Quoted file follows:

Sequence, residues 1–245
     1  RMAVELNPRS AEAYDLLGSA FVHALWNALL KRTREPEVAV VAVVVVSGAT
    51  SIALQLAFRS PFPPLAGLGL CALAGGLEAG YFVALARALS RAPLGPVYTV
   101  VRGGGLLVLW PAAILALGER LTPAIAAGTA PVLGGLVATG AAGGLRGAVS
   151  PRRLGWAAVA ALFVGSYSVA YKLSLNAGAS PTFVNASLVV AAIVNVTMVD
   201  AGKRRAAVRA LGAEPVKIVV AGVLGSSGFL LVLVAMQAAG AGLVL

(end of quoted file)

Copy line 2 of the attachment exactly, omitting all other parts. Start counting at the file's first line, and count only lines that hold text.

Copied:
     1  RMAVELNPRS AEAYDLLGSA FVHALWNALL KRTREPEVAV VAVVVVSGAT